PST, A to Z: ‘Indoor Ecologies’ at Eames House and ‘California Design’ at LACMA
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Pacific Standard Time will explore the origins of the Los Angeles art world through museum exhibitions throughout Southern California over the next six months. Times art reviewer Sharon Mizota has set the goal of seeing all of them. This is her latest report.
If you’d like to see the living room at the Eames House as designers Charles and Ray Eames did when they first moved in, now is the time to see it. The room is the centerpiece of the 1,500 square-foot Case Study home, one of a series of modern houses commissioned by Arts and Architecture magazine from the 1940s through the 1960s. Lovingly preserved by the Eames Foundation, the living room is usually fully furnished—maintained as it was when Ray died in 1988. For Pacific Standard Time, all of the furnishings have been removed—they are on display in a re-creation of the room in “California Design, 1935-1960: Living in a Modern Way” at the Los Angeles County Museum of Art. What’s left at the Eames house is a little bit of time travel.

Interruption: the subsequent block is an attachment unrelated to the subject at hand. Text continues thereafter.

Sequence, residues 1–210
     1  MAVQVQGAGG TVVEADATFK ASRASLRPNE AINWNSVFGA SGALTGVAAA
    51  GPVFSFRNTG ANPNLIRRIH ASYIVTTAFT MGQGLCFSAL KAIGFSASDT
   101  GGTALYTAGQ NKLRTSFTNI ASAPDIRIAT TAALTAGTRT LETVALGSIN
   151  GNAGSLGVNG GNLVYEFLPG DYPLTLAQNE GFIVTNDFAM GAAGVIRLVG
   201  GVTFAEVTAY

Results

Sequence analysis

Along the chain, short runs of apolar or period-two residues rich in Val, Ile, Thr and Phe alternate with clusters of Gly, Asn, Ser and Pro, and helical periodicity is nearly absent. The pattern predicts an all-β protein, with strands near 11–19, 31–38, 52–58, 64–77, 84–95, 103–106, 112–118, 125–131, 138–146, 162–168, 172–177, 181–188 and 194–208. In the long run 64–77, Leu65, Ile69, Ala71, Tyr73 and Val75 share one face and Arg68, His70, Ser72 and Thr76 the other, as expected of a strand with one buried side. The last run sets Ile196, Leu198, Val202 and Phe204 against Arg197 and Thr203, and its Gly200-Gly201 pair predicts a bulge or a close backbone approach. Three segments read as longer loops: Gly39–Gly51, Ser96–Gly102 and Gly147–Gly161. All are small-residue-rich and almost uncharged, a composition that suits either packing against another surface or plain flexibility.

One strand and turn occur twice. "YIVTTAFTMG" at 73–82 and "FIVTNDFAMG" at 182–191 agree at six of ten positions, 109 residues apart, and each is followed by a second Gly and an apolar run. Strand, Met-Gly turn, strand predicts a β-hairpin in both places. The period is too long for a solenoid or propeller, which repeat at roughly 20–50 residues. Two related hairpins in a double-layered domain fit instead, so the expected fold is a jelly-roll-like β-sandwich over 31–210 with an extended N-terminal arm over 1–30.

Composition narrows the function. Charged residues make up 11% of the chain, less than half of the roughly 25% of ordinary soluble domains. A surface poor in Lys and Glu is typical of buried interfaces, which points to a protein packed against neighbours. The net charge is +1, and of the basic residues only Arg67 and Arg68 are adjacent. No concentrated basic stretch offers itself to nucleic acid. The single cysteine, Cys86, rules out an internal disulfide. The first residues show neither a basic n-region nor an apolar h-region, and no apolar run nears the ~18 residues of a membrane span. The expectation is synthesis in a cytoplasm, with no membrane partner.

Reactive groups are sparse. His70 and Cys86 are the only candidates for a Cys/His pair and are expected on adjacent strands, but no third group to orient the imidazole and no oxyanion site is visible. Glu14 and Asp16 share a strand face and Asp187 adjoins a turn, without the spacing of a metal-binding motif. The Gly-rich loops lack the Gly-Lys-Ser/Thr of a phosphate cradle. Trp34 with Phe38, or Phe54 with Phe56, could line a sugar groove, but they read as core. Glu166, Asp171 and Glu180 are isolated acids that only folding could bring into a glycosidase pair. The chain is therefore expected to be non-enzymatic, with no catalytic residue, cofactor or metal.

If you haven’t seen the room before, its emptiness may not mean much to you. But Eames Demetrios, grandson of Charles and Ray and chairman of the Eames Foundation, which administers the house, says it is pretty much how the living room must’ve looked in 1949 when the Eameses first moved in. Lined with large windows, it perches near the top of a sloping, three-acre site overlooking “the meadow,” a wide, grassy expanse with views of the ocean. The house is a two-story rectangular box, but the second floor only covers about half of the footprint, leaving the living room open to the building’s full height.